I liked seeing Hamish’s whole life and how he prioritized work, women, and friends. Beaton succeeds in making him a three-dimensional character that way. I was grateful, because this is the first Hamish Macbeth book I’ve read, and I understood the character in the first few chapters.
Beaton wrote some fun criminals, too. I laughed at their antics and raised my eyebrows quite a few times. The recurring secondary characters were a little flat, though. I didn’t feel like I knew Dick or Jimmy or Blair or any of the other police officers. As a matter of fact, they all got jumbled up for me. I kept going back to earlier chapters to sort them out in my mind. And that doesn’t make for fun reading.
The writing was good for the most part. Sentence structure was perfect, descriptions and word choice were on point. The Scottish bits were terrific! The dialogue was a little weak, though, with some stilted conversation. I also noticed quite a bit of telling-instead-of-showing. Combined, it made the book plod along for me.
And just a little subjectivity: what in the world was the point of Anka? She was sent to the forefront so often that I really thought she would end up with a bigger part than she had. Maybe it’s a tease for books to come?
So in the end, I liked the actual mystery, and I could appreciate the main character, but the rest of the book just didn’t do it for me. But if you’re a mystery buff and a fan of a largely male cast, you might enjoy Death of a Liar. Check it out.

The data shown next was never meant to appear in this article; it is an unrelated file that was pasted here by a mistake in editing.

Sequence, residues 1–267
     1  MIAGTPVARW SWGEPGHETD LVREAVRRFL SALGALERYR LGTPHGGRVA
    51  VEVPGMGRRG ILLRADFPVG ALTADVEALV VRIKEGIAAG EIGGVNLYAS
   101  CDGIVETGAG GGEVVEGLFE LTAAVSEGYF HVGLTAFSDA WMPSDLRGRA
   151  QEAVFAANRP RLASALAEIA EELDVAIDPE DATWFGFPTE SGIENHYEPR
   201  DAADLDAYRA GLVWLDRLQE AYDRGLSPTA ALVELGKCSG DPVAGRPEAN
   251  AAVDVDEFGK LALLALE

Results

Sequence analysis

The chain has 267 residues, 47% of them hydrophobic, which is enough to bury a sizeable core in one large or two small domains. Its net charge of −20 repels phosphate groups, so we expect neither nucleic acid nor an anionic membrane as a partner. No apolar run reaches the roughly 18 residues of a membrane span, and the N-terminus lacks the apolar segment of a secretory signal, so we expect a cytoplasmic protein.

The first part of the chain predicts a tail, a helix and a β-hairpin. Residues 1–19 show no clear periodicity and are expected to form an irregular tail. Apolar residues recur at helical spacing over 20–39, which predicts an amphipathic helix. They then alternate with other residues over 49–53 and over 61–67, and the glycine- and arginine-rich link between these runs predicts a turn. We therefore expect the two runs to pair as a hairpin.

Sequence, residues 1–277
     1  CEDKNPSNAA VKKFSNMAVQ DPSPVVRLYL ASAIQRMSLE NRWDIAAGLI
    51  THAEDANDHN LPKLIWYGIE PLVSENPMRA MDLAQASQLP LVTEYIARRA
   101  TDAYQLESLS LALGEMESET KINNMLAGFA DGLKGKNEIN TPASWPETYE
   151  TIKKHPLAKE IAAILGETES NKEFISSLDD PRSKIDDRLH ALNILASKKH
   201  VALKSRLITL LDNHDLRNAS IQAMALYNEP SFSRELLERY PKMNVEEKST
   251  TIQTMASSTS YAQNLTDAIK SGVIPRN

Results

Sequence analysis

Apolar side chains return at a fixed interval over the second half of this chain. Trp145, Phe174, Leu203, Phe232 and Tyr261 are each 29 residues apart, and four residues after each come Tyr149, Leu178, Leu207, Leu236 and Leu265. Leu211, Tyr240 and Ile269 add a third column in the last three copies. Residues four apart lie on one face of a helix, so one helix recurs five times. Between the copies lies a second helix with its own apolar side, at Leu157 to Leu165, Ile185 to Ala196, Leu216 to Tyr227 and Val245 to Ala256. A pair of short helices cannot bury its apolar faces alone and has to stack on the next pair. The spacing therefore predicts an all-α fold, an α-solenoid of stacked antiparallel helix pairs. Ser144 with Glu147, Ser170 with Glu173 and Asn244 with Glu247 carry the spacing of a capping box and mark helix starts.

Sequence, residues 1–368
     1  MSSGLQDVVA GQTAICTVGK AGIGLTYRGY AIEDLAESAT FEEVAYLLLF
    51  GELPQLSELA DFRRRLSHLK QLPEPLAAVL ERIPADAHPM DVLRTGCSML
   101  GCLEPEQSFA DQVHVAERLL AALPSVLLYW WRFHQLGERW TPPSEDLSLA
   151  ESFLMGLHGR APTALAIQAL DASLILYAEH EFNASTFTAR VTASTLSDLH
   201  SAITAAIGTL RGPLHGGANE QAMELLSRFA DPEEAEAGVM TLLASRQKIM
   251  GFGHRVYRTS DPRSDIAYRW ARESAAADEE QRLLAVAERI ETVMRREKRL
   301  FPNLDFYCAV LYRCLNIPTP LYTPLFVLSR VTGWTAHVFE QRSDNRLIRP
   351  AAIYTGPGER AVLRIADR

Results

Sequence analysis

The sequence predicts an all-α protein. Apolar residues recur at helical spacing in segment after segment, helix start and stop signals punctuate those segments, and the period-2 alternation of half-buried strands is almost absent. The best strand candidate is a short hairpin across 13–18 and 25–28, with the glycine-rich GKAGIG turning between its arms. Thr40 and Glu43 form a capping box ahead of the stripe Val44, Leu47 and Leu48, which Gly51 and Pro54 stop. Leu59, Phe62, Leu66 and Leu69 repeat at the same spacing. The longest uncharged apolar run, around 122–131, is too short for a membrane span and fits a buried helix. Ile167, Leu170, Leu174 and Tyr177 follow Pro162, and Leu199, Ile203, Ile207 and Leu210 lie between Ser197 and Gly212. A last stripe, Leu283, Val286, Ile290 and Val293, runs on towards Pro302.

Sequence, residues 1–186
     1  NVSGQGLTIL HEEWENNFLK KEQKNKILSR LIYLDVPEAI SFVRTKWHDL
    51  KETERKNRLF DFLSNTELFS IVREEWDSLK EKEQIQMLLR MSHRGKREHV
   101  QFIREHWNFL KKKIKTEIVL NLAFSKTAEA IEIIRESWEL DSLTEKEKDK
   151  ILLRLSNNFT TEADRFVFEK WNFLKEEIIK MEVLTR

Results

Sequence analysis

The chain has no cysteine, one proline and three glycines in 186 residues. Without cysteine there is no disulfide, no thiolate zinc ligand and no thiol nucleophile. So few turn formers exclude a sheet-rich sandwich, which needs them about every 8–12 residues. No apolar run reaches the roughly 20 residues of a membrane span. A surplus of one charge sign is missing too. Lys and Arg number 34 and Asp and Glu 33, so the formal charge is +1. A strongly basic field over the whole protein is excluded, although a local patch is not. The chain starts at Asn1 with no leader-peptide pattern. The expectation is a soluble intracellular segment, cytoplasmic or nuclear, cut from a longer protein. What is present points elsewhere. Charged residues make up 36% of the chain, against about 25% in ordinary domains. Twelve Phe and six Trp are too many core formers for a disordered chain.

It’s so difficult to ponder this book after reading it that I have to hurry and write the review so I can forget about the book.
Outlander is about Claire, a English woman from the 1940s, pulled into an adventuresome, fun, dangerous, romantic quest in 18th century Scottish Highlands.
I loved every second of 90% this book: Horseback riding through the forests, stereotypical Scottish dialogue, ripped clothing, filth, the challenges of being a female who knows medicine and healing, lots of rough men stealing and working and saving people… An arranged marriage that was full of unspoken love, family ties of numerous clansmen, illegitimate children, crime, detention and escape, and of course a really really bad villain with an ancestral tie to Claire’s husband. What’s not to love in this beautiful saga?!
One thing ruined the entire book for me. The ENTIRE book. I’m talking about making the book go from 5 stars to 2. It nauseated me and left a bad taste in my mouth. The chapter was gratuitous and over the top in my opinion. There was a day of rape. I can accept that as part of the story. I can’t tolerate the retelling of the day-long rapes to one’s spouse, including not only every physical detail but EVERY anguishing psychological and emotional detail. I just don’t believe that any spouse would or could tell their loved one what Gabaldon wants me to believe Jamie told Claire.
Had I known that was coming I would have completely skipped the chapter, pleasantly read the very end, and given Outlander 5 stars.
The one scene ruined the entire book for me. How disappointing.